This advice applies to
You’ve been switched to a new gas or electricity supplier without your consent
Sometimes a customer is switched to a new energy supplier without their consent. This is known as an erroneous transfer. This can happen because of a genuine mistake, such as a mix up about a property’s address, or because a salesperson has misled you or behaved incorrectly.
This page explains what to do if you find out you’ve been switched to a new energy supplier without your knowledge or consent.
Top tipsThe Erroneous Transfer Customer Charter only applies when you’ve been transferred without your consent. You can’t use it when you’ve changed your mind.
How do you know you’ve been switched?
Most erroneous transfers come to light when a customer receives a goodbye letter or final bill from the current supplier, or a welcome letter from their new one.
This can be worrying, but the good news is that all electricity and gas suppliers have signed up to the Erroneous Transfer Customer Charter. This is a voluntary code which means they must protect you if you have been switched to a new supplier by mistake.
The Erroneous Transfer Customer Charter sets out the minimum level of service that you should expect if your energy supply has been switched without your consent..
What you can do
If you’ve been switched to a new gas or electricity supplier without your consent, contact either your new or old supplier and tell them what's happened. They should take the following action:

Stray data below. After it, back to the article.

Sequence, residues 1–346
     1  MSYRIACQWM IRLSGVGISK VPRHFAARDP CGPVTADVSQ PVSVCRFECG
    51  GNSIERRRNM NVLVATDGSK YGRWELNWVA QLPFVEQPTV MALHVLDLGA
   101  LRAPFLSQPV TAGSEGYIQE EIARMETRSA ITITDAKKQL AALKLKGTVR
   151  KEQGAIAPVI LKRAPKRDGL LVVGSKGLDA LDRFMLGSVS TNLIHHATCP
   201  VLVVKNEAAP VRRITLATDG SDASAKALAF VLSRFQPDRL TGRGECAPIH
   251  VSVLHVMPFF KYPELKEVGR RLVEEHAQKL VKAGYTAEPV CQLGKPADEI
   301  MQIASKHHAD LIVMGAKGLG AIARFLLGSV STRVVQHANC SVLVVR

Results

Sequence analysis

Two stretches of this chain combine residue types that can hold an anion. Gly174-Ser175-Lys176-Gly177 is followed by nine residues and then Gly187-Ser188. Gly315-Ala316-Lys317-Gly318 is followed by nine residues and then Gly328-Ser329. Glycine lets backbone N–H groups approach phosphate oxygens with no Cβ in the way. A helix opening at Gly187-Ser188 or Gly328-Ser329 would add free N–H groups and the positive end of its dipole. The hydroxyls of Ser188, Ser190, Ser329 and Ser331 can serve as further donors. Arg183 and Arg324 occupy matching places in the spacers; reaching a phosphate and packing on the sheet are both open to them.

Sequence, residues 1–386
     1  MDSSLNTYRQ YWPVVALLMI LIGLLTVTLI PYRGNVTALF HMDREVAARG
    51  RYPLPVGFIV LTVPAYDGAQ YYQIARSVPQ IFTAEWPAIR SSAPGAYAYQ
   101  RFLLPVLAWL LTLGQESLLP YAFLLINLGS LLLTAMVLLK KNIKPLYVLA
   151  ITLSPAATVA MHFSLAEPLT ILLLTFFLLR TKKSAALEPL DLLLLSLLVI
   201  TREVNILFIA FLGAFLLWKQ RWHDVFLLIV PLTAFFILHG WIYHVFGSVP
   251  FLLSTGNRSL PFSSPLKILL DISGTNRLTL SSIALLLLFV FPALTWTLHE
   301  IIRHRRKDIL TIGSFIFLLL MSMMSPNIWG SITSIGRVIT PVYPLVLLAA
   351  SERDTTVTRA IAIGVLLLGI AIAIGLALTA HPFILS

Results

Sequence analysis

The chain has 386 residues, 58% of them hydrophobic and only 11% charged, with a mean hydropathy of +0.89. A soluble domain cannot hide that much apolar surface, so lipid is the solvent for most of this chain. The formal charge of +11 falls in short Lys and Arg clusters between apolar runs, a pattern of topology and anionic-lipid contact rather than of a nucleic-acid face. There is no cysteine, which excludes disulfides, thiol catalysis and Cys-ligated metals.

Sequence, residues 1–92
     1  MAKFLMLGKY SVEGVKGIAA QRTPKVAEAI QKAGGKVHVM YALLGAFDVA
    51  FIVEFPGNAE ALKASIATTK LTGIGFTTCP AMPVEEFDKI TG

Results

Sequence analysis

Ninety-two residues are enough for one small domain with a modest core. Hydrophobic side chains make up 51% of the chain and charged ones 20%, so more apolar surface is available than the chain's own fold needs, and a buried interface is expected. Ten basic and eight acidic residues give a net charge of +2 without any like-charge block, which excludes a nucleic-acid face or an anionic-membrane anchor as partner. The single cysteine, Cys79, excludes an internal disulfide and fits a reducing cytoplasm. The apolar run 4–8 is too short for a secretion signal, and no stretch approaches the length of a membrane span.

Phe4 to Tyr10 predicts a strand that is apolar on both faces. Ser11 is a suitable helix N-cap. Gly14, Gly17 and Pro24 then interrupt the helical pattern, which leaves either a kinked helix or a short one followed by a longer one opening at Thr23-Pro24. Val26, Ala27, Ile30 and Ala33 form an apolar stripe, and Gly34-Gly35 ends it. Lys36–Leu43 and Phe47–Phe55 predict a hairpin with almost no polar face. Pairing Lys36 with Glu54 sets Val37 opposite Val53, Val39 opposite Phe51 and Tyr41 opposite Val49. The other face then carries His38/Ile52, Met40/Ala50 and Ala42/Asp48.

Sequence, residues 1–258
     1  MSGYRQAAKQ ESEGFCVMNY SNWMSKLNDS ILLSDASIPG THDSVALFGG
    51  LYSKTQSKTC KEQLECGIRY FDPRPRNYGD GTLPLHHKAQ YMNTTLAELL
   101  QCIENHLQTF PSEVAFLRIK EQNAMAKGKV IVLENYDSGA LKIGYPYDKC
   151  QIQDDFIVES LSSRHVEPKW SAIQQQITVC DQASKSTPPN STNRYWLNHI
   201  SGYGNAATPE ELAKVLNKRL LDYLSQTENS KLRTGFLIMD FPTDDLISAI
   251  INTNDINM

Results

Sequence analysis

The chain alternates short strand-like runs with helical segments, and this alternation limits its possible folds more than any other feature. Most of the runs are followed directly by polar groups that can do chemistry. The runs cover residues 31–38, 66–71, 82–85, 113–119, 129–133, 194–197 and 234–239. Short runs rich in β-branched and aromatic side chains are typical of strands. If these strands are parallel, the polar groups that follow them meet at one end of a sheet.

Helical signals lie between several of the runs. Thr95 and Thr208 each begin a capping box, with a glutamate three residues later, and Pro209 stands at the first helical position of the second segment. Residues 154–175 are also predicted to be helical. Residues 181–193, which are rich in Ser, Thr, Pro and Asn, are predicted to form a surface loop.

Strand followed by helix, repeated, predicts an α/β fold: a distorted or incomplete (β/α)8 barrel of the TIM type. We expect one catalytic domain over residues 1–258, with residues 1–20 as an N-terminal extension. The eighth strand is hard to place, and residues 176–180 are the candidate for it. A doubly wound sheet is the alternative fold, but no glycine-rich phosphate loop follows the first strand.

- explain clearly what action they are going to take and keep you updated on progress
- send you written confirmation of what action they are going to take within five working days
- within 20 days, send you confirmation that you are being returned to your original supplier
You shouldn’t have to pay any bills to the new supplier. You should just get a final bill from the original supplier.
Do you have to pay if you were switched without your consent?
You will have to pay for any gas and electricity you use during the erroneous transfer, but you won't have to pay anything to the new supplier. You should receive a bill from your original supplier once you have been switched back.
If your signature was forged on a contract
If a sales agent forges your signature on a contract, you are entitled to a fixed compensation payment of £250 from the energy supplier.
If you discover your signature has been forged on a contract, you should tell the supplier straight away. Fraud is a criminal offence – contact Action Fraud or the Citizens Advice consumer helpline.